In the history of the Supreme Court of the United States, two people have held the title “Justice Jackson.”
Soon, wonderfully, there will be the third.
The first Justice Jackson—19th century Jackson—was Howell Edmunds Jackson, of Tennessee. He was commissioned an associate justice in 1893, when he was sixty years old. He soon became ill with tuberculosis and died in 1895.
The second Justice Jackson—20th century Jackson—was, of course, Robert Houghwout Jackson. Born in 1892 in Pennsylvania, Robert was a small boy during Justice Howell Jackson’s brief service on the Court, but they were not related. Robert moved to western New York State shortly thereafter. It was his home from the late 1890s until the U.S. Senate in 1934 began confirming President Roosevelt’s nominations of Robert Jackson—ultimately there were six—to high federal offices. He was commissioned an associate justice in 1941, when he was forty-nine years old. He served on the Court, except for one year away prosecuting Nazis at Nuremberg following World War II, until his death in 1954.
The third Justice Jackson—21st century Jackson—will be Ketanji Brown Jackson. She is age fifty-one and a judge of the U.S. Court of Appeals for the District of Columbia Circuit. Nominated in February by President Biden and confirmed yesterday by the U.S. Senate, she will become an associate justice when she is commissioned by the president, probably in June or July.
I always am reluctant to speculate when someone asks me, “What would Robert H. Jackson think?” about a contemporary event.
But for many reasons, I can say that he would be delighted about the coming appointment of the third Justice Jackson.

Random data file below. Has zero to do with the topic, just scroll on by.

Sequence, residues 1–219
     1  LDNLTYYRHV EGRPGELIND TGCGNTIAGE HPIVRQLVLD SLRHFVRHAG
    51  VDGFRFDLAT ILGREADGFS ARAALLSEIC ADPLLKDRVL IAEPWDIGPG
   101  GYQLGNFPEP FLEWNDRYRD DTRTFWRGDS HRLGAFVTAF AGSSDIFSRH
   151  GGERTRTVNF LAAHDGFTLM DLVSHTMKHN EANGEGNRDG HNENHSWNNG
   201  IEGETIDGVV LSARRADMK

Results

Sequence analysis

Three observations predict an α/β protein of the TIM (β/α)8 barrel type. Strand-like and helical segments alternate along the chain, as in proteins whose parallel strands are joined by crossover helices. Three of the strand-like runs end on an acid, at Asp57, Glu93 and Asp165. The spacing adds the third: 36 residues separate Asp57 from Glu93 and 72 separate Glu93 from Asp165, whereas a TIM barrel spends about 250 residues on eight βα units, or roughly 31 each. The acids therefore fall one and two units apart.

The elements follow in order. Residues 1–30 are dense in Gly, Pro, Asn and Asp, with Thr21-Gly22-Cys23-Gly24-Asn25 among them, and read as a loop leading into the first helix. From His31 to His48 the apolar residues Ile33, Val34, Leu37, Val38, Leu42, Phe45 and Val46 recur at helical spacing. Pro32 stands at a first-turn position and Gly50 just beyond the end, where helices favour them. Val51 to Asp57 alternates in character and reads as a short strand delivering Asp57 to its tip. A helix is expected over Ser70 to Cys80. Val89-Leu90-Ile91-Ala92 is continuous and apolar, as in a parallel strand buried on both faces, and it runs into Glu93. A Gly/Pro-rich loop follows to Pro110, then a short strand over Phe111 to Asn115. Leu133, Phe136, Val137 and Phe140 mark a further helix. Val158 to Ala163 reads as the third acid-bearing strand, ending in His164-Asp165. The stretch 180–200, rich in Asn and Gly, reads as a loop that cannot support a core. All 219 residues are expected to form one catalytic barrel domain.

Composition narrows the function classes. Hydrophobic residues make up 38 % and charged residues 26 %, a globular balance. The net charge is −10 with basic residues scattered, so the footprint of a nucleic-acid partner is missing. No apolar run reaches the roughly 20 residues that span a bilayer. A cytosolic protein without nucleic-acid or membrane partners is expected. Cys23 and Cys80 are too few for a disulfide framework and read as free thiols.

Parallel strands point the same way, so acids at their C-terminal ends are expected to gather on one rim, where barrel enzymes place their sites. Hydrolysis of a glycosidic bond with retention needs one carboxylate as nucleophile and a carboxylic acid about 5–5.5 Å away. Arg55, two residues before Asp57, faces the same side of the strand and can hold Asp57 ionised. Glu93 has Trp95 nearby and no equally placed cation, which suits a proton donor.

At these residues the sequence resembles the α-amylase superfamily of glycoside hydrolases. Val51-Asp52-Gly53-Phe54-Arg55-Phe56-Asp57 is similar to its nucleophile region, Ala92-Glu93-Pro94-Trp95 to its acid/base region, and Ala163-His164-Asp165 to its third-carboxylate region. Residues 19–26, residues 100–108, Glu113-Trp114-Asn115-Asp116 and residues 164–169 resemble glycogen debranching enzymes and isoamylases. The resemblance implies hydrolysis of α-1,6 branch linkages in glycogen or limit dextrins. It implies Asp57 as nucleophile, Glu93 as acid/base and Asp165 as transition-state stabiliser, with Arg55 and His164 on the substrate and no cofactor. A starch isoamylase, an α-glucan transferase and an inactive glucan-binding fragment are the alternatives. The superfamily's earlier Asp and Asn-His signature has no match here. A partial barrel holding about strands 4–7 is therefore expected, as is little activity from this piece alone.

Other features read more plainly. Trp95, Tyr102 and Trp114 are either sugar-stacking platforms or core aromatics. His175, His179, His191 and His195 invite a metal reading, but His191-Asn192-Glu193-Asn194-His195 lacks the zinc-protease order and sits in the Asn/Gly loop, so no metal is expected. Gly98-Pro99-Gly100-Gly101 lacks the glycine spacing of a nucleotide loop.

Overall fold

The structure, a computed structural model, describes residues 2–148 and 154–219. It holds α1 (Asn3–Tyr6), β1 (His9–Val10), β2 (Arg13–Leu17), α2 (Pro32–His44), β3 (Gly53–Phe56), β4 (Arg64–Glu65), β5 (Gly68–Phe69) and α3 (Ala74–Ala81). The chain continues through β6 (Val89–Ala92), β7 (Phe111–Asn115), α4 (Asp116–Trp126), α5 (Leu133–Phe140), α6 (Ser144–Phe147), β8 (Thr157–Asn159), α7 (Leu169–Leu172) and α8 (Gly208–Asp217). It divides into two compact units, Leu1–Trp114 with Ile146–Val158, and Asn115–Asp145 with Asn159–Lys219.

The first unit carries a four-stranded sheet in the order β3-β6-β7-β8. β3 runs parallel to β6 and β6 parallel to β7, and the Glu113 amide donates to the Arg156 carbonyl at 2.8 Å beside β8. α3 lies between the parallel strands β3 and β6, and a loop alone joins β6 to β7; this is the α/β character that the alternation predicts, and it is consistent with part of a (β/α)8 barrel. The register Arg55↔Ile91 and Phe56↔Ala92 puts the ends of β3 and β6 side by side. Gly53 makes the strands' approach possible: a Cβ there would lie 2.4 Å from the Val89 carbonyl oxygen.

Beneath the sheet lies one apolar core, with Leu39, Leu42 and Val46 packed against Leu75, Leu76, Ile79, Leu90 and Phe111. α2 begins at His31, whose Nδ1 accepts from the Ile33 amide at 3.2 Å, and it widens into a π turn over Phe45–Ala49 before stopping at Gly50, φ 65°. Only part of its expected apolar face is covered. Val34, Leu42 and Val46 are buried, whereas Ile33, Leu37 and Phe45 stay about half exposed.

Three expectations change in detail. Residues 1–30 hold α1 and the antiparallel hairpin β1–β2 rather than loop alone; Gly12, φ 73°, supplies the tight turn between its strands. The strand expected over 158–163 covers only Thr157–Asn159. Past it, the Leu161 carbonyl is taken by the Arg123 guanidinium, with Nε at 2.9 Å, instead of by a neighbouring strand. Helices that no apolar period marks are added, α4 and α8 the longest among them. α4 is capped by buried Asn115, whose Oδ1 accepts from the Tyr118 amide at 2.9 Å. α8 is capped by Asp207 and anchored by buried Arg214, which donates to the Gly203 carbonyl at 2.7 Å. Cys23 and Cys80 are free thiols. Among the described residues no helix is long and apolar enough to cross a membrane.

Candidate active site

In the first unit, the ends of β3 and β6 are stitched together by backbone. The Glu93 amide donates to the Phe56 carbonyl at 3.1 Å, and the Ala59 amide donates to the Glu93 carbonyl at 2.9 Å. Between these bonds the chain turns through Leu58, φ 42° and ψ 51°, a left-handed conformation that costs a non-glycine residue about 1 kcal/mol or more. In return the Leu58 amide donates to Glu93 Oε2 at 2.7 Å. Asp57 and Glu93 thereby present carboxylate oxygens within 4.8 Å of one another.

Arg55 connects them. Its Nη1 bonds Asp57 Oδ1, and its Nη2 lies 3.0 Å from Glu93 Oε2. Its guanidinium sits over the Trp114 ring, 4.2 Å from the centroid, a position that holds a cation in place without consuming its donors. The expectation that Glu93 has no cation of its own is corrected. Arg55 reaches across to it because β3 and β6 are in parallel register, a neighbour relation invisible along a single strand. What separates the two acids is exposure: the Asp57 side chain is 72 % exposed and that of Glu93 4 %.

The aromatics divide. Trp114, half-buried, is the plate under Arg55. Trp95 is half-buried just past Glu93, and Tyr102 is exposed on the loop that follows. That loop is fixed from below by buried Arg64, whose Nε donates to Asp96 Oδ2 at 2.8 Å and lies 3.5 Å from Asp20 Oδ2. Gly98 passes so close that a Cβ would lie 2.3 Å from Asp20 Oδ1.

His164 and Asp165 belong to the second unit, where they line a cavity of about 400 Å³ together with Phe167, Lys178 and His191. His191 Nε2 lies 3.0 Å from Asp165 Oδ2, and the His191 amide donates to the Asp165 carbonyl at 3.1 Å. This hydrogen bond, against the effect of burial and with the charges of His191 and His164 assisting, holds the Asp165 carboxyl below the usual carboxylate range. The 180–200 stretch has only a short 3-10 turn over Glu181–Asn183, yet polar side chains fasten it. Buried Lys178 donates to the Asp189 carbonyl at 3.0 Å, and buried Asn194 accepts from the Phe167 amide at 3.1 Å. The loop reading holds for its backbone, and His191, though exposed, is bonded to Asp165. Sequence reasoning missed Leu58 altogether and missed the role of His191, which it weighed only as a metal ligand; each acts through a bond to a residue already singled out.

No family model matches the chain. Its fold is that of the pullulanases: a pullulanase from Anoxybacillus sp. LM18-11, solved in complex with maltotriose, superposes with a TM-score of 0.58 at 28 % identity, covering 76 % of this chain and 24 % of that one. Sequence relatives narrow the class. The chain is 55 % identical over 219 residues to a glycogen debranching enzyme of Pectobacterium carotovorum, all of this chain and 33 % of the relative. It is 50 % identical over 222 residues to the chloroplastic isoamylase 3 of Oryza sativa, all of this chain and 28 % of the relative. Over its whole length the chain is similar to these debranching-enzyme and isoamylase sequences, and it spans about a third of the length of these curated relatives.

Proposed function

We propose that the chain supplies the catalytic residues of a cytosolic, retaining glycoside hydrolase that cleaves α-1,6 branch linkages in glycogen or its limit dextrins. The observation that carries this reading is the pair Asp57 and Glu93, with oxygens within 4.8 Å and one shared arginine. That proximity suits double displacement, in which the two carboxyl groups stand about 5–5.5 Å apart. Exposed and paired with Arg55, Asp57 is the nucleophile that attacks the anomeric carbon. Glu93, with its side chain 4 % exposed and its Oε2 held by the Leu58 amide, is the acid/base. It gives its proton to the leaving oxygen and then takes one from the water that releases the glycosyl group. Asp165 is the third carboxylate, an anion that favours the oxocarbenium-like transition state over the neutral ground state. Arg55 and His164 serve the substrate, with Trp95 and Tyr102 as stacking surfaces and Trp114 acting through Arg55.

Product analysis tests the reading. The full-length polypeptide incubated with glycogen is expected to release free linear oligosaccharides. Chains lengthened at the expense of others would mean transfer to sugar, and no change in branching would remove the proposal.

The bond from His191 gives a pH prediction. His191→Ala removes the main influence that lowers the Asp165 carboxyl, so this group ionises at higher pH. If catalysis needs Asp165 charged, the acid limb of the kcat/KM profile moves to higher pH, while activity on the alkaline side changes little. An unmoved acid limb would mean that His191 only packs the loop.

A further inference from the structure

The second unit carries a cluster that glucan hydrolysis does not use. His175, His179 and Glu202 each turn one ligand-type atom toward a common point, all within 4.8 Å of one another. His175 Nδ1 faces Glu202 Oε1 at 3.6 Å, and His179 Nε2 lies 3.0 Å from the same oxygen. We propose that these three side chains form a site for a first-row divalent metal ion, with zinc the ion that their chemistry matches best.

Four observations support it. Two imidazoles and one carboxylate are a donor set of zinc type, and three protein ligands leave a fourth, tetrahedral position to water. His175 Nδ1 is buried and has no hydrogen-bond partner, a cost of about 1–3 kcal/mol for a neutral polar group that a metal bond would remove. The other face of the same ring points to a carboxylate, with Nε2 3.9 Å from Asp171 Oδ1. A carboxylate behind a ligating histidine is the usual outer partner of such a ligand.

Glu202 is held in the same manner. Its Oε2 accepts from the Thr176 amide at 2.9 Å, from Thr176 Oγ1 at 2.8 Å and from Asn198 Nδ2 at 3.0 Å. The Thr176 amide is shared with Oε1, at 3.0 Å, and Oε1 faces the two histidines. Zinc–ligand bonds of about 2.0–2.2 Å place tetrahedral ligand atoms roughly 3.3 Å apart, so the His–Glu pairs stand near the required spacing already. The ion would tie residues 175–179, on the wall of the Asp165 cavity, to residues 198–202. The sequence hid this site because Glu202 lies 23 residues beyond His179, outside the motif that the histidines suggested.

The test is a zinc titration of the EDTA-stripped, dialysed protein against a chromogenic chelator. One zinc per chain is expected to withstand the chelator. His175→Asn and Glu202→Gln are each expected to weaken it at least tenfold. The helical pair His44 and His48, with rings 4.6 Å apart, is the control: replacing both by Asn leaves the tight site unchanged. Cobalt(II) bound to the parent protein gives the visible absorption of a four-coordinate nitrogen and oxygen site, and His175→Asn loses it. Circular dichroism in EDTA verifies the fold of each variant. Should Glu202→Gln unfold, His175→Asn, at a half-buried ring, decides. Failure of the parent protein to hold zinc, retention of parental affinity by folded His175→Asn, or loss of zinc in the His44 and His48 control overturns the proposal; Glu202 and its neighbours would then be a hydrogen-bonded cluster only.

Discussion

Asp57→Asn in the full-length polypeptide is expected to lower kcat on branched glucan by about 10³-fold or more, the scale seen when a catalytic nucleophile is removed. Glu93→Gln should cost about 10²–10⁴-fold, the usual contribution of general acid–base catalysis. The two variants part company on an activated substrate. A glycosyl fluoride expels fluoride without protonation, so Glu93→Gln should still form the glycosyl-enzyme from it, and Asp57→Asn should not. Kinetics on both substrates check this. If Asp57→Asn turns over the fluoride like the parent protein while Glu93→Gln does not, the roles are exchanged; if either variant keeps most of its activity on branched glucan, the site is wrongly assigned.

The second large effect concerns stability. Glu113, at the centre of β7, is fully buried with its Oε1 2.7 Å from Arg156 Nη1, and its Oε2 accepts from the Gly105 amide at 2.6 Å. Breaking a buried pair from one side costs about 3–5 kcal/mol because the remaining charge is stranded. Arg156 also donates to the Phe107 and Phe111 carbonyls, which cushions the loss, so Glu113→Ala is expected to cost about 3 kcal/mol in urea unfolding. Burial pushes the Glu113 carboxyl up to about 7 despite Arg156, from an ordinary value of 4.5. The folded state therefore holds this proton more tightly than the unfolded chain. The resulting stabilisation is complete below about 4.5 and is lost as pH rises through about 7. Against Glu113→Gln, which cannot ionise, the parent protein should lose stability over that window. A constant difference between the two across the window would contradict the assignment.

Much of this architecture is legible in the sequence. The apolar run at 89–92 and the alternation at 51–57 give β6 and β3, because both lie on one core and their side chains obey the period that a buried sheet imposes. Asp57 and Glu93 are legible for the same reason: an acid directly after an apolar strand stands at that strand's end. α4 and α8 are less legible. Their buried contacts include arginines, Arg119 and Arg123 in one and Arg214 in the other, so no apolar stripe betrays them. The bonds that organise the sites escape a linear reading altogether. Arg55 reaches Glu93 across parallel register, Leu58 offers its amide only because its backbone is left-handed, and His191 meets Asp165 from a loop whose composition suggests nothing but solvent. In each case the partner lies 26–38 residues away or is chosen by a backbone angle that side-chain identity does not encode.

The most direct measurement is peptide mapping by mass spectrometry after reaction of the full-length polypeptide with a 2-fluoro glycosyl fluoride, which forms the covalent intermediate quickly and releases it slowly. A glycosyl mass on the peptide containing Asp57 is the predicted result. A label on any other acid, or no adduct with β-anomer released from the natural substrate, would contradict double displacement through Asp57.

First, she is accomplished and excellent. In her academic studies and achievements, in her clerkship training, in her years of private law practice, in her years of government service, in her writing and speaking, and in her personal temperament, she is superb. Robert Jackson also was every one of those things, so of course he would like and admire that Ketanji Jackson is, well, so Jacksonian.
Second, Robert Jackson would admire what Ketanji Jackson has accomplished and represents as a path-marking woman. He lived in much more sexist, male-dominated times than our own. But he was somewhat better than other men in those times—he included strong, trusted colleagues who were women, including his own daughter, his excellent legal secretaries (who were senior advisers and de facto lawyers; one later became a judge), a senior military officer, and government lawyers in his range of high pursuits. He would regard Ketanji Jackson as equal to any man and be glad to work alongside her on any team.
Third, Robert Jackson would be so delighted to see, in Ketanji Jackson, a Black woman becoming a Supreme Court justice. He lived in very racist—segregationist; otherwise discriminatory; racially oblivious; white superiority-presumptuous—
I know that Justice Robert H. Jackson would love to watch any Supreme Court argument next fall and in years ahead.
I am confident that if that could happen, he would be pleased, deeply, to look at the bench and see Justice Ketanji Brown Jackson.